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Apeejay Surrendra Group to exit tea garden business

Our legacy in tea plantations and long association with Assam will continue through Kharjan estate, says Karan Paul
Karan Paul.
Karan Paul.
File picture

Sambit Saha   |   Calcutta   |   Published 07.12.22, 01:35 AM

Apeejay Surrendra Group, one of the largest privately held diversified business houses in the country, is all but bidding adieu to the business of tea plantation.

The group, which own the iconic Calcutta landmarks such as The Park Hotel, Flury’s and Oxford Bookstore, reached an understanding to sell two of their remaining estates on Monday and talks are on to dispose off the rest, keeping just one, where it plans to develop social infrastructure such as a school, hospital and hotel.

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At the height of the group’s association with tea plantations, Apeejay had 17 gardens in Assam, producing about 24 million kg of its own crop, making it the third largest tea producer in India. The assets were acquired by the promoter Paul family during 1977 to 1982 and held through three companies Assam Frontier, Empire and Singlo.

Going forward, it intends to carry on with a single estate in upper Assam’s Tinsukia, which produces about 1.1 million kg of tea and has a golf course attached to it.

“Our legacy in tea plantations and long association with the state of Assam will continue through Kharjan estate, which produces excellent quality of orthodox tea. Moreover, the group would look at developing social infrastructures including school and hospital there, taking advantage of the proactive policy of the state government,” Karan Paul, chairman of Apeejay Surrendra Group, told The Telegraph.

In 2021, the group, which has interests in hospitality, shipping, real estate, logistics, retail and education, had exited from Typhoo Tea, sixteen years after it bought the iconic British tea brand, by parting with its shares to a clutch of private equity players.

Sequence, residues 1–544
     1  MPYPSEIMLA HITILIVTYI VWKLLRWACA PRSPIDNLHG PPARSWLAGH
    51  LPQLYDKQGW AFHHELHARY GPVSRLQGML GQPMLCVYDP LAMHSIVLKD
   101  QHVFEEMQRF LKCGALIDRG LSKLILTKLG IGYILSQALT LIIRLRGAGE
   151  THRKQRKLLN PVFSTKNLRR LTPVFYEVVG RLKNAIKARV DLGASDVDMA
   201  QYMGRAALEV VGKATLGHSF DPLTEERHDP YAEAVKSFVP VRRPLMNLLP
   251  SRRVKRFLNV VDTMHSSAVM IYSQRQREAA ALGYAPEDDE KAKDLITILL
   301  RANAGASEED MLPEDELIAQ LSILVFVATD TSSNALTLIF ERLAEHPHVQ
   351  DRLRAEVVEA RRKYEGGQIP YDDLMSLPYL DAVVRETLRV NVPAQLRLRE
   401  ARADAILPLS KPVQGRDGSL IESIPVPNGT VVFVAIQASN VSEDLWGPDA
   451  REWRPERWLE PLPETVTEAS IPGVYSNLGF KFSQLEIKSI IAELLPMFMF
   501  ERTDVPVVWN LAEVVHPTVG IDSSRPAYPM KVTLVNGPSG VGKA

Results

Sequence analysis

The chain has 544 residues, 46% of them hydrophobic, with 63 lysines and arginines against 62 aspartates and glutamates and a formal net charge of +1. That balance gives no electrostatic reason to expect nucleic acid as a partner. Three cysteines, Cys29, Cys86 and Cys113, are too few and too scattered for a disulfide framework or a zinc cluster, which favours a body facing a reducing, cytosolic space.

However, the Pauls continue to have the license to sell under the Typhoo brand in India and the plan going forward will be to focus on that part of the tea business. Apeejay retails tea bags and packet teas under the Typhoo brand in India and also serves tea to guests at confectionery chain Flury’s.

The sale of the estates and the Typhoo business are expected to deleverage the conglomerate by over Rs 1,000 crore, by one estimate. Even as the tea plantation and Typhoo businesses were not performing well for a while, the pandemic dealt a severe blow that forced the Pauls to reimagine their business portfolio.

While Apeejay all but exited from plantations, it has mostly been profitable for the conglomerate over the fourand-a-half decade under the Paul family. Estates were acquired by Karan Paul’s father late Surrendra Paul and his uncles and helmed by Surrendra Paul till his untimely death in 1990.

While returning from a visit to a garden at Tinsukia, Paul was gunned down by a group of suspected ULFA cadres, an incident that stunned the country, shook up the tea industry and set the stage for President’s rule in Assam.

After Surrendra Paul’s death, his wife Shirin Paul became chairperson and the business was managed by his brother Jit Paul.

Karan Paul was studying in the US when he lost his father. Karan joined the business under the guidance of Jit Paul, who left active management to his nephew five years before his death. Karan now chairs Apeejay Surrendra Group, aided by sisters Priti and Priya.

The Apeejay group join a list of corporate houses in the country which are trimming their exposure in tea plantations in order to move money to other businesses where return on capital appears to be more remunerative.

In November, the Vinay Goenka-family of Warren Tea exited from plantations by selling estates. The Warren Tea promoters plan to focus on tea retail and hospitality business instead.

The supply of tea in India has outpaced demand in the last 15 years with small tea growers accounting for over 50 per cent of the production. Higher crop resulted in stagnant prices at the auctions amidst higher cost led by wages and agricultural inputs, squeezing margins for large estates such as Apeejay and Warren.



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